Austrian presidential race heats up as election date draws near

How the candidates approach the issue of Heinz-Christian Strache and his nationalist Freedom Party will likely decide the outcome of the election. []

Austria’s relationship with the EU has played little role in the build up to the country’s presidential elections. The only staunchly anti-EU candidate’s election challenge has failed to materialise as a result. EURACTIV Germany reports.

Robert Marschall set himself and his EU Exit Party an ambitious target when he declared his intention to contest the 24 April presidential election. To be considered for the ballot paper, he required 6,000 declarations of support.

He ran a very simple campaign, highlighting,  “serious mistakes in Austria, including, immigration, unemployment, wage cuts, public debt, sovereignty and loss of democracy, which have to be stopped.”

Therefore, he called for Austria to withdraw from the EU immediately and for the current government to be dismissed.

However, only 1,150 citizens backed his candidacy. Despite not garnering enough votes, Marschall appears not to have been dissuaded and has already said he will contest the election if he is not included on the ballot paper.

AfD links to Austrian far-right 'final straw' for ECR MEPs

Alternative für Deutschland’s links to the far-right Freedom Party of Austria was the final straw for members of the EU Parliament’s European Conservatives and Reformists group, which yesterday (8 March) voted to kick out the German Eurosceptics .

However, Austrian construction magnate Richard Lugner might still manage to secure his place among the candidates, if the polls are to be believed. Lugner, known in Austria for his celebrity lifestyle and marriage to an ex-Playboy model who is 57 years his junior, still has a chance of securing the 6,000 votes he needs to be officially recognised.

At 83 years-old, he is the oldest candidate vying for the job and his personality has drawn comparisons with US presidential candidate Donald Trump. Opinion polls currently attribute 3% of the vote to Lugner.

The race is expected to be contested between Alexander van der Bellen (Austrian Green Party), former Social Affairs Minister Rudolf Hundstorfer (SPÖ), former first president of the National Council Andreas Khol (ÖVP), third president of the National Council Norbert Hofer (FPÖ), Lugner and retired Supreme Court of Justice judge Irmgard Griss (both independent).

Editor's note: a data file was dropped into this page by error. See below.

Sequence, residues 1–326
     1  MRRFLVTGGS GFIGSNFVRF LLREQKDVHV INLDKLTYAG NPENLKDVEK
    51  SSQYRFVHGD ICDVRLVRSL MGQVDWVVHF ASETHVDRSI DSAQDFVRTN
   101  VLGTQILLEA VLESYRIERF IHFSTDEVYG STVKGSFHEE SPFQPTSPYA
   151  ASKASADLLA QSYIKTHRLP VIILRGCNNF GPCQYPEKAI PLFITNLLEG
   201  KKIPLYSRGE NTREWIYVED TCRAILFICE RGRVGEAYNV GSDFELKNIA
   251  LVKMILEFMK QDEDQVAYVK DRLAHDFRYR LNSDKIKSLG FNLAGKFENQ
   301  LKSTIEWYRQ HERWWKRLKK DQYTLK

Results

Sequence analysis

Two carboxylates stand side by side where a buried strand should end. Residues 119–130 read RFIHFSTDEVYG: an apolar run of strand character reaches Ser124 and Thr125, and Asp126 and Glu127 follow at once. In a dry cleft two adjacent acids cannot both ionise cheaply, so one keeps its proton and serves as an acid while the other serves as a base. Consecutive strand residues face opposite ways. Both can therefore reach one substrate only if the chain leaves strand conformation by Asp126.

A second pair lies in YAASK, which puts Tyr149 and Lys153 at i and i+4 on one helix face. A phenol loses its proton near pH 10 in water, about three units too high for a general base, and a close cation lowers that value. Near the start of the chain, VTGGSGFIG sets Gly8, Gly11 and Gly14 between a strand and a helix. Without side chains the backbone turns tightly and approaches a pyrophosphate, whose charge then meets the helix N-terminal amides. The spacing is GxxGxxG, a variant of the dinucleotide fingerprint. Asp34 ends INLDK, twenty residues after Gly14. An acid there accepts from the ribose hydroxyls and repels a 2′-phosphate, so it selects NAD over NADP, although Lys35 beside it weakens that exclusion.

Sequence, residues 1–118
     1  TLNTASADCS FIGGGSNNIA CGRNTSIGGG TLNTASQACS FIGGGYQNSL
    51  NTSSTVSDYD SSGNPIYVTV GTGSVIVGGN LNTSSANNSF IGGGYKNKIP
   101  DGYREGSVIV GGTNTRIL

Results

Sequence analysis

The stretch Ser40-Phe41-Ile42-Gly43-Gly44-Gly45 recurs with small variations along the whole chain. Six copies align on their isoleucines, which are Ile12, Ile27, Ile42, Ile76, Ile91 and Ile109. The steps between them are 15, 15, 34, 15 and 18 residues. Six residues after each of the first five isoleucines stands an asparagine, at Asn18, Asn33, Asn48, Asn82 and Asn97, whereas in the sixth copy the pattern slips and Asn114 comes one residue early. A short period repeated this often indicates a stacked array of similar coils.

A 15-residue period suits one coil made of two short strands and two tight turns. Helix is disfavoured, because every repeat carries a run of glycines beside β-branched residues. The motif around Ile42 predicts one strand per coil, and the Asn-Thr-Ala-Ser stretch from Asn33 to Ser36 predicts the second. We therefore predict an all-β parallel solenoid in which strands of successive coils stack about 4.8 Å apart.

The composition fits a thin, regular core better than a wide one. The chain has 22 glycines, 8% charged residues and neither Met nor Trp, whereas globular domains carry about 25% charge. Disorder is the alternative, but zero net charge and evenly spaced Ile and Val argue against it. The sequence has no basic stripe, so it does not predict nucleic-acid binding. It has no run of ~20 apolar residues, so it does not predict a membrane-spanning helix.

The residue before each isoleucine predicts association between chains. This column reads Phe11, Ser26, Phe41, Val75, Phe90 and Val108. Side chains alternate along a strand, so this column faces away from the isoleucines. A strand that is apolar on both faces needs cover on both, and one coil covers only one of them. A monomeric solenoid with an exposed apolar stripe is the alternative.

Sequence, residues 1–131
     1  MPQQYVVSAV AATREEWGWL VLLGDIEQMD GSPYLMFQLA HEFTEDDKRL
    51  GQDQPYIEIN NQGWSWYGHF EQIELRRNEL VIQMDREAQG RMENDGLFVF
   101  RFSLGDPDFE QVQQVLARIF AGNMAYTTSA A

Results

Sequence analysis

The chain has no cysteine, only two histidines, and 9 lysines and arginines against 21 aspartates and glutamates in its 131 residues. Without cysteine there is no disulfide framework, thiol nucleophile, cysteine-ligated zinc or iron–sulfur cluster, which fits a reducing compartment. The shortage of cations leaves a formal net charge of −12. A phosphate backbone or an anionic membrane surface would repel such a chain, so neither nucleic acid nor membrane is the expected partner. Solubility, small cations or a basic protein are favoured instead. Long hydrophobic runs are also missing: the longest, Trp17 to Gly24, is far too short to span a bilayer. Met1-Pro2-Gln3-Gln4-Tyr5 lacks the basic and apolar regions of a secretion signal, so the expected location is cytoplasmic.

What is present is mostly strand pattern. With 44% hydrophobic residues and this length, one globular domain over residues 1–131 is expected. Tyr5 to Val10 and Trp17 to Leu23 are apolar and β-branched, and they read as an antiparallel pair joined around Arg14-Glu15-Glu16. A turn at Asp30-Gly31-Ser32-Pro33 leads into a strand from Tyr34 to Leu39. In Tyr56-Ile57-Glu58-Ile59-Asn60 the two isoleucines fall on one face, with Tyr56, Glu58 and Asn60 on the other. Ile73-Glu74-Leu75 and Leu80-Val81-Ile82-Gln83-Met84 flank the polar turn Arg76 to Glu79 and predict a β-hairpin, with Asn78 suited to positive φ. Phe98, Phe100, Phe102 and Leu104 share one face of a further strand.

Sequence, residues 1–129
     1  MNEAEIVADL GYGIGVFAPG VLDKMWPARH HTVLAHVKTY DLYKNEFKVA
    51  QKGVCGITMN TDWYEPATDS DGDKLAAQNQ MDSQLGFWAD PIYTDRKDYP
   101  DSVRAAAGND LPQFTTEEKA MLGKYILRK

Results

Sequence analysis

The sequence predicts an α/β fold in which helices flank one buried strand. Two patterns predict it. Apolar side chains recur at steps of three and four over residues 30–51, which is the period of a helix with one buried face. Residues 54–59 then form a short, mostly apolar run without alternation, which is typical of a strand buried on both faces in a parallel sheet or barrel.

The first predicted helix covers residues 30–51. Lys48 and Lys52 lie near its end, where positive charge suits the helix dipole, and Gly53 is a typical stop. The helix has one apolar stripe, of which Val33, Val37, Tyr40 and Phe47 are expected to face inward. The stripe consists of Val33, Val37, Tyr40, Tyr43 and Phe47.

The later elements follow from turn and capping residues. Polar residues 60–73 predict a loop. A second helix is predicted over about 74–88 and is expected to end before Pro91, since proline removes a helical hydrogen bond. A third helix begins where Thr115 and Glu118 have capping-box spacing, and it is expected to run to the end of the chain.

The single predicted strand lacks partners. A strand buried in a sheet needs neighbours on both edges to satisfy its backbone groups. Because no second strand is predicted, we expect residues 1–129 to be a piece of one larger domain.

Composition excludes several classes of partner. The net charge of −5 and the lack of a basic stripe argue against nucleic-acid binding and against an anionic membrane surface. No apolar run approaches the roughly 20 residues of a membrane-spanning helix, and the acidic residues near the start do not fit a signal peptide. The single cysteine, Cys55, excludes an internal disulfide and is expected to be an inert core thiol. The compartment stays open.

It seems increasingly unlikely that any of the candidates will secure an absolute majority during the first round of voting. The two candidates from the ruling parties, the SPÖ and ÖVP, face particular difficulties, as current polls suggest they could struggle to make the second round of voting, let alone the runoff.

Neither can currently count on more than 65% of the vote from their own parties, as many SPÖ voters are sympathetic to the Greens’ candidate and many ÖVP voters are leaning towards the independent Griss.

The next four weeks will be crucial to the candidates’ aspirations and how they approach matters that are currently in the public eye will prove to be decisive. Recently, this has been less and less a question of actual policy and more people have wanted to know where the candidates stand on Austrian Freedom Party (FPÖ) leader Heinz-Christian Strache and whether he would be given the opportunity to form a government.

Van der Bellen is the only candidate that has expressed concerns at the thought of an FPÖ Chancellor.

Their presidential candidate, Norbert Hofer, has been quick to say that he would consider dismissing the current government. In a recent TV interview, he explained that Werner Faymann and his coalition partners should have already been relieved of their positions, because of their handling of the refugee crisis.

Far-right parties always gain support after financial crises, report finds

Extreme and populist right-wing parties have always been the biggest political beneficiaries of financial crises, according to a new study. EURACTIV Germany reports.

The office of the Austrian presidency is largely ceremonial in nature, although the holder does theoretically retain the power to dismiss members of the government and the National Council, the lower house of the parliament.

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